Black ATB – the SUV trend continues

There are internet forums dedicated to Black helicopter sightings, and our whole nation whips itself into a frenzy over black jerseys and black caps, now here is the Black ATB to get behind. Black is the new home brand by Electrify, and the ATB is a mid drive all-terrain bike. Michael Tritt from Electrify explained it as the bike that everyone has been asking for, and I don’t doubt that for one second. Even within Auckland, many buyers want knobbly tyres just in case they go off-road, the same phenomenon as the rise of the SUV. And why not, it’s practical and comfortable. It goes on-road and off-road too when you want it. I rode it on roads, a beach, gravel and steep banks. It handled each with the ease of a Sonny-Bill offload.

The design is a neat step-through. The battery is well integrated into the frame so it doesn’t get in the way, nor does is create additional weight over the rear wheel. Instead it does what mid-drives are good at, which is to keep the weight around the centre of the bike for a natural ride feeling. The motor is from Shengyi, an experienced ebike manufacturer so expect reliability. Shengyi claims 90Nm torque and 250W for their mid-drives but in feel it is more like a Steps E6000 or Bosch Active Line Plus than a Brose or Bosch CX. The torque is there for sure – there was nothing it couldn’t do – but it is limited in maximum power output in that it dislikes higher pedalling cadences. The 5 levels of assist limit maximum output rather than as a multiplier of rider input, which means that if you want to go fast you need to bump up the levels. In preferring lower cadences it may suit many ebike riders. All said, you do need to shift gears and adjust power levels a bit to get the most out of the bike a bit like an old-school 2-stroke motorbike. I was a bit disappointed that a throttle isn’t part of the package, but it is fairly quick to get off the mark, engaging power within perhaps 1/20th of a pedal rotation. Top assisted speed is 32km/h, OK for this style of bike, although I always prefer unlimited bikes for commuting duties. It has a walk mode too which was handy for getting up the ferry off-ramp.

Battery is 13Ah standard with 17Ah available for an extra $300, which is what I’d probably want. Having said that after 35km of hilly riding on Waiheke – a lot of it at speed in order to catch the ferry – it still had 2/5 bars remaining. Weirdly, there is no facility to charge the battery on the bike or to charge a USB device.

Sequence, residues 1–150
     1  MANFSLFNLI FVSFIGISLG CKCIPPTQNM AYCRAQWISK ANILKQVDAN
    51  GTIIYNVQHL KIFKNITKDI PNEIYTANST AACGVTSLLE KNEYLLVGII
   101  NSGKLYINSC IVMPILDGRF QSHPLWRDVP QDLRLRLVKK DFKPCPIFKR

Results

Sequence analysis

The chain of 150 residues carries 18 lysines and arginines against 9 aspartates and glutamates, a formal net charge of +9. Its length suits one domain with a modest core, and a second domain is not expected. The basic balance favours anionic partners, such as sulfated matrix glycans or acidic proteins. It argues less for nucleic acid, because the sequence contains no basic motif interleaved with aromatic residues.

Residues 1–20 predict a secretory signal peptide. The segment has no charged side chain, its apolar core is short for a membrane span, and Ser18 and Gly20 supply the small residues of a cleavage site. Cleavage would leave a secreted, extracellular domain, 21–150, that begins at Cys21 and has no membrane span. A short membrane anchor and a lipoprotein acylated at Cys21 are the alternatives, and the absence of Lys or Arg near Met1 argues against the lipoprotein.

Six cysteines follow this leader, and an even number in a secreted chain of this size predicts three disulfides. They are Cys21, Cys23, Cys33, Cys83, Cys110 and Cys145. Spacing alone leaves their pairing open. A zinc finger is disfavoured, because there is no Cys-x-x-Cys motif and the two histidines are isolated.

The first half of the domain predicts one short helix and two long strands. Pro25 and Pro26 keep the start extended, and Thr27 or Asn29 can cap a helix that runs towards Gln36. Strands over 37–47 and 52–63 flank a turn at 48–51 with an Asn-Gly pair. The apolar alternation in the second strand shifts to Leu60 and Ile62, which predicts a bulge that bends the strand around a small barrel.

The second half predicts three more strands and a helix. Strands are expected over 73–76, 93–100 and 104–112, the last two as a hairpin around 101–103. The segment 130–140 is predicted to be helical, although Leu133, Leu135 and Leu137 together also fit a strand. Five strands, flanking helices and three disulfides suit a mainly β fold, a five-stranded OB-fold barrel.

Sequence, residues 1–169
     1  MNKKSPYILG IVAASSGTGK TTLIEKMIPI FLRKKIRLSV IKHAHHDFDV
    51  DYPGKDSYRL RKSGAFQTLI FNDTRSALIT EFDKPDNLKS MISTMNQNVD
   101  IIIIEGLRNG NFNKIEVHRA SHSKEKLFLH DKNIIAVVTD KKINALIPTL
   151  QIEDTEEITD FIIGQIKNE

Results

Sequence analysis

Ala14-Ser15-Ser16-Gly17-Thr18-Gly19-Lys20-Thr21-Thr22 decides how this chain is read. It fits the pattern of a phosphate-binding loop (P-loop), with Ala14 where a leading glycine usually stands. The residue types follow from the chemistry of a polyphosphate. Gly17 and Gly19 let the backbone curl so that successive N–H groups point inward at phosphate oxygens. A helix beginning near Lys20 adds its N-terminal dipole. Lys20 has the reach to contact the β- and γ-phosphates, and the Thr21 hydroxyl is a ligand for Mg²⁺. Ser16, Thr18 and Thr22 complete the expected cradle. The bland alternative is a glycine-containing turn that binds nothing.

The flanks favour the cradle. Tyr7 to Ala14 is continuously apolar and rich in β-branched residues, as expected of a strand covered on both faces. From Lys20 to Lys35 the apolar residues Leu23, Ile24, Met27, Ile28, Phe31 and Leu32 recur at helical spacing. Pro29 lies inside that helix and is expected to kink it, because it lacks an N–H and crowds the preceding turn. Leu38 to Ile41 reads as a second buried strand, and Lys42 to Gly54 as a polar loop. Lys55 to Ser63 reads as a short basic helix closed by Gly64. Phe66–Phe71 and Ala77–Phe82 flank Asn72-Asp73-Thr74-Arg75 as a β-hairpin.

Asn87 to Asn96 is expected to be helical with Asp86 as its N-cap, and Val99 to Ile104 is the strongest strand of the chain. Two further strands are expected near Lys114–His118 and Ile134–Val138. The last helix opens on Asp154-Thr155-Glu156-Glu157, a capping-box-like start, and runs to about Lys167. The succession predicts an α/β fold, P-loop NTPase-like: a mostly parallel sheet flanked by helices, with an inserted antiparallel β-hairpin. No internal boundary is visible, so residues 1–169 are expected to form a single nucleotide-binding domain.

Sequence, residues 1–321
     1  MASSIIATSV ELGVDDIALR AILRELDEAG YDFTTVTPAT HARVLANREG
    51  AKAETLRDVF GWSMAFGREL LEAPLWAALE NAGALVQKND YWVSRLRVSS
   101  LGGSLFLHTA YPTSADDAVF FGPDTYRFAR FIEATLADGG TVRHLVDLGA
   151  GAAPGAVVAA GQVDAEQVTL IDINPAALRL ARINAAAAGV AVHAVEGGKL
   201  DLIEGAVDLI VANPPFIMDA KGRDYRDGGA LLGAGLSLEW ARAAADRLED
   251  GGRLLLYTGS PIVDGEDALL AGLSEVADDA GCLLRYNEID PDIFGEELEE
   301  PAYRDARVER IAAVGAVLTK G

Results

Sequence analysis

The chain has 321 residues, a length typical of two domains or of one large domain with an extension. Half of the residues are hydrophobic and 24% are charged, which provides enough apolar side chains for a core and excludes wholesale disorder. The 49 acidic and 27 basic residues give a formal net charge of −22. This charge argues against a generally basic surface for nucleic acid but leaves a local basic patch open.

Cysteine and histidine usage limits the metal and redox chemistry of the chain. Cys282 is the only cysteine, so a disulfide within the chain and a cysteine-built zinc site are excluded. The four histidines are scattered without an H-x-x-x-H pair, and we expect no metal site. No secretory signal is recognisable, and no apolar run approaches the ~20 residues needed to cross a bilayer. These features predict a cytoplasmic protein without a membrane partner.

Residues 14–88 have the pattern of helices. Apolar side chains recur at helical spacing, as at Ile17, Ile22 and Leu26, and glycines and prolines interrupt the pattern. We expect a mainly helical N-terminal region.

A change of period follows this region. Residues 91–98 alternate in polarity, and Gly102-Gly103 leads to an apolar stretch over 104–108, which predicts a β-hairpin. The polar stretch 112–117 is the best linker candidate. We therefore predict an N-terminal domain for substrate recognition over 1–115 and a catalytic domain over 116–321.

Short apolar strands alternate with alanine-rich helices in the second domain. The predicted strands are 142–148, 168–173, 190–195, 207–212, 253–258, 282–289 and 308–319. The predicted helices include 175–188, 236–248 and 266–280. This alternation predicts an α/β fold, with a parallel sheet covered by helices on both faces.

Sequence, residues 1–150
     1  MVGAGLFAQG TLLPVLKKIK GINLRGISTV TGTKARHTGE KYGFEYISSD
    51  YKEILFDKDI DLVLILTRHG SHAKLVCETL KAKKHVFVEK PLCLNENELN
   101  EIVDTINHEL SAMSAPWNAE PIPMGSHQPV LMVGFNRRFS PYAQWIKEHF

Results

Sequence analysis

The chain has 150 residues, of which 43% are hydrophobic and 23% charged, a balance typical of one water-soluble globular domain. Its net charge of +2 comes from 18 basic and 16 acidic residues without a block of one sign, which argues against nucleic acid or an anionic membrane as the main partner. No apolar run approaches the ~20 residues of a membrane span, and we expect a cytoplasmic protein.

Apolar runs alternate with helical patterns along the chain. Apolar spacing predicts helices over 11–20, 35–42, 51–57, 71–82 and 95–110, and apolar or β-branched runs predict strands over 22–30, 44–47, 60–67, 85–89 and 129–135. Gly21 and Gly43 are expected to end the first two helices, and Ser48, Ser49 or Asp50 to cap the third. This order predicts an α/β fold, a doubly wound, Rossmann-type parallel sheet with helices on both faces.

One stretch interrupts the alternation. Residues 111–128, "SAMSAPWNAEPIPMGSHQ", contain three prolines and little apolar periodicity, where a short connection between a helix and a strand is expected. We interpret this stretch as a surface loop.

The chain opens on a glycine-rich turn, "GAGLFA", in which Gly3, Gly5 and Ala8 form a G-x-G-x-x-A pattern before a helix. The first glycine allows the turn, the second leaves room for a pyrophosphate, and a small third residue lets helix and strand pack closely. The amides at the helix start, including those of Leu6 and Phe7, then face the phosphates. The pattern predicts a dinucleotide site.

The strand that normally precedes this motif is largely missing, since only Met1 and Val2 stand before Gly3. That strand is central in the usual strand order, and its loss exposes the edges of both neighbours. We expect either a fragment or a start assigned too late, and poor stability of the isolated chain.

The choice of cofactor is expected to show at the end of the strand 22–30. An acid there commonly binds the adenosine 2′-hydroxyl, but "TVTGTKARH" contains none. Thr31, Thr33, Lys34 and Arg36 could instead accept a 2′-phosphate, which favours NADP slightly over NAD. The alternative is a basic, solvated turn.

The rest of the parts selection is not surprising. Fork is a Suntour 100mm coil spring,Ā  brakes are good Tektro Auriga hydraulic units–one of my favourites and the gears are competent Shimano Acera 9sp. If it were my bike I’d be tempted to swap out the knobbly CST 27.5×2.4 tyres for something like a Schwalbe Super Moto-X that offers protection and just enough grip. I understand though that this would add to the cost of the bike at retail. I’d also look for a wider saddle — the Selle Royal Ariel is a nice gel saddle that is more suited to a sportier geometry bike like (say) a Magnum Peak.

The rack has a 15kg capacity. Lights are not fitted as standard.

Ride quality is good and composed on gravel. I rode up and down some fairly steep grassy banks (yes, I am 15 years old šŸ˜‰ and it handled well. Most step-throughs get a bit squirrelly in tight switchbacks which limits their offroad ability, but it felt more balanced fore-and-aft than a Smartmotion X-City and–as you’d expect–not as torsionally rigid as a Moustache Lundi or Riese & Muller Nevo.

As an all-rounder the Black ATB is a winner. Perhaps there are better commuters (the eZee Sprint for example dominated on the hills) but I don’t know if there is a better affordable all-terrain step through. If you can afford a Nevo ($7100+) or a Lundi ($5295+) then try those too, and don’t overlook the X-City either ($3899).Ā 

The Black ATB is a good bike that can get to great with:

  • Built-in lights front and rear
  • Puncture resistant tyres (eg Schwalbe Super Moto-X)
  • Ergon gripsĀ 
  • Wider saddle (eg Selle Royal Lookin or Freeway)

Highlights for me include:

  • Quiet motor with good torque
  • Easy and comfortable ride
  • Good step-through design
  • Integrated battery for uninterrupted access and sleek looks
  • Good range of 40-50km, with optional battery upgrade to take it further
  • Strong brakes
  • Mudguards (you’d be surprised how useful they are)

Available from Electrify and other good ebike stores for RRP $3599

Who should look at the Black ATB?

  • Riders who want a step-through for any reason at all. They are such a nice option compared to swinging your leg over
  • Someone your size – it fitted my 6’2″ and ElectricMeg’s 5′ frames
  • You’ll mostly ride a mix of sealed and unsealed roads
  • Comfort, style and versatility is more important than speed

Who isn’t the Black ATB for?

  • Someone who will use it for mostly singletrack trail riding. You really need an eMTBĀ 
  • Hard-core commuters like me. You want those puncture-proof tyres, lights, frame lock and perhaps more speed, an internal hub as a bonus. At the price-point, consider a Sprint, Magnum or Smartmotion mid-City instead.
  • Throttle lovers. I like throttles too. The X-City has one. (To be totally fair it had good start-up torque on hills so didn’t actually need one)

Thanks to Michael at Electrify for the review bike. Check out Electrify for more info.
Pictures taken at Cable Bay and Tantalus Estate, Waiheke Island. Waiheke Island is highly recommended as a venue for ebike riding. There are a number of rental options on the island or take your own for free (the bike not you!) on the Fullers ferry.


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